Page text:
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Proverbs, aphorisms, quotations (English) by Linux fortune

VII. Certain bodies can pass through solid walls painted to resemble tunnel
      entrances; others cannot.
        This trompe l'oeil inconsistency has baffled generations, but at least
        it is known that whoever paints an entrance on a wall's surface to
        trick an opponent will be unable to pursue him into this theoretical
        space.  The painter is flattened against the wall when he attempts to
        follow into the painting.  This is ultimately a problem of art, not
        of science.
VIII. Any violent rearrangement of feline matter is impermanent.
        Cartoon cats possess even more deaths than the traditional nine lives
        might comfortably afford.  They can be decimated, spliced, splayed,
        accordion-pleated, spindled, or disassembled, but they cannot be
        destroyed.  After a few moments of blinking self pity, they reinflate,
        elongate, snap back, or solidify.
  IX. For every vengeance there is an equal and opposite revengeance.
        This is the one law of animated cartoon motion that also applies to
        the physical world at large.  For that reason, we need the relief of
        watching it happen to a duck instead.
   X. Everything falls faster than an anvil.
        Examples too numerous to mention from the Roadrunner cartoons.
                -- Esquire, "O'Donnell's Laws of Cartoon Motion", June 1980
      _
  _  / \                           o
/ \ | |                       o           o                 o
| | | |   _                        o    o                       o       o
| \_| |  / \                      o                            o         o
  \__  |  | |                  o                              o
     | |  | |                 ______          ~~~~                    _____
     | |__/ |               / ___--\\ ~~~                 __/_____\__
     |        ___/              / \--\\  \\   \ ___        <__  x x  __\
     | |             / /\\  \\             ))         \           (  "         )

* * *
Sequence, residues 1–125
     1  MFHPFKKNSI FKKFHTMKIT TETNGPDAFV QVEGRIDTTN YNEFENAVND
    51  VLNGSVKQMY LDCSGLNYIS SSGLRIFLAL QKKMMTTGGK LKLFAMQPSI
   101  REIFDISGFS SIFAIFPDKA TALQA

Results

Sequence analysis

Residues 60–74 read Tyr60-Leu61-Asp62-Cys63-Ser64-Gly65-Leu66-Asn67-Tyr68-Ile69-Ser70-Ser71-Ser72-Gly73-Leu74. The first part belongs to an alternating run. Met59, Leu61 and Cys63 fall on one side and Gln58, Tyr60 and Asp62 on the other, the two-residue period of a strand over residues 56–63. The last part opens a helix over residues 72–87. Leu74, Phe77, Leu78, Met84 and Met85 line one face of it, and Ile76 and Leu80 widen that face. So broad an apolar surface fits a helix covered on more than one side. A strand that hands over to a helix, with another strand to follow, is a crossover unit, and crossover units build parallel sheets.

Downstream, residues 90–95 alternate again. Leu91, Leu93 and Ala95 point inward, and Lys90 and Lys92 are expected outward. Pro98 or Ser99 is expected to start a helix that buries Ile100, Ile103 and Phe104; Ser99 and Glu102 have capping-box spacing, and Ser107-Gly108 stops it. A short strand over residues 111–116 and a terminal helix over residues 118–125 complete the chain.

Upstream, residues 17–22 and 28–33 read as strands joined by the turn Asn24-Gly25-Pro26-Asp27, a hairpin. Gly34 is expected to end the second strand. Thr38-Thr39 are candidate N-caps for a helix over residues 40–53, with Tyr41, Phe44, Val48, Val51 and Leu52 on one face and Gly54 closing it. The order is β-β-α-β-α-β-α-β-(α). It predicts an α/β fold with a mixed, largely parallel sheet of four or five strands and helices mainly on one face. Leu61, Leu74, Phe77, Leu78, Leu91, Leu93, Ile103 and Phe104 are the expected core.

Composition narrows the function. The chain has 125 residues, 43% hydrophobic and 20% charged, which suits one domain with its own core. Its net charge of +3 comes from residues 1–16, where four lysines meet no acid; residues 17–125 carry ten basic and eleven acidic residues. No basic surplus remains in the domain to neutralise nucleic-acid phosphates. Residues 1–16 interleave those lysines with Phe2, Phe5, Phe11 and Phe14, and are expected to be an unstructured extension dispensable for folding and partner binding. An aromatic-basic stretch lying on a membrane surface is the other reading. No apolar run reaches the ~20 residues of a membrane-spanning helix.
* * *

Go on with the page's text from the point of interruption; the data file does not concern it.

| |     -------(---->>(@)--(@)-------\----------< >-----------
     | |   //            | | //__________  /           \        ____)        (___          \\
     | |  //          __|_|         ( --------- )            //// ______ /////\           \\
         //          |    (  \ ______  /           <<<< <>-----<<<<< /            \\
        //         (     )                      / /          \` \__     \\
       //-------------------------------------------------------------\\

Every now and then, when your life gets complicated and the weasels start
closing in, the only cure is to load up on heinous chemicals and then
drive like a bastard from Hollywood to Las Vegas ... with the music at
top volume and at least a pint of ether.
                -- Hunter S. Thompson, "Fear and Loathing in Las Vegas"
After watching my newly-retired dad spend two weeks learning how to make a new
folder, it became obvious that "intuitive" mostly means "what the writer or
speaker of intuitive likes".
(Bruce Ediger, bediger@teal.csn.org, in comp.os.linux.misc, on X the
intuitiveness of a Mac interface.)
As usual, this being a 1.3.x release, I haven't even compiled this
kernel yet.  So if it works, you should be doubly impressed.
(Linus Torvalds, announcing kernel 1.3.3 on the linux-kernel mailing list.)
The only "intuitive" interface is the nipple. After that, it's all learned.
(Bruce Ediger, bediger@teal.csn.org, in comp.os.linux.misc, on X interfaces.)
This  message was brought to  you by Linux, the free  unix.
Windows without the X is like making love without a partner.
Sex, Drugs & Linux Rules
win-nt from the people who invented edlin
apples  have  meant  trouble  since  eden
Linux, the way to get rid of boot viruses
(By mwikholm@at8.abo.fi, MaDsen Wikholm)
Who wants to remember that escape-x-alt-control-left shift-b puts you into
super-edit-debug-compile mode?
(Discussion in comp.os.linux.misc on the intuitiveness of commands, especially
Emacs.)
It's those computer people in X {city of world}.  They keep stuffing things up.
#define BITCOUNT(x)        (((BX_(x)+(BX_(x)>>4)) & 0x0F0F0F0F) % 255)
#define  BX_(x)                ((x) - (((x)>>1)&0x77777777)                        \
                             - (((x)>>2)&0x33333333)                        \
                             - (((x)>>3)&0x11111111))

                -- really weird C code to count the number of bits in a word
        How many seconds are there in a year?  If I tell you there  are
3.155  x  10^7, you won't even try to remember it.  On the other hand,
who could forget that, to within half a percent, pi seconds is a
nanocentury.
                -- Tom Duff, Bell Labs
I have never seen anything fill up a vacuum so fast and still suck.
                -- Rob Pike, on X.

Steve Jobs said two years ago that X is brain-damaged and it will be
gone in two years.  He was half right.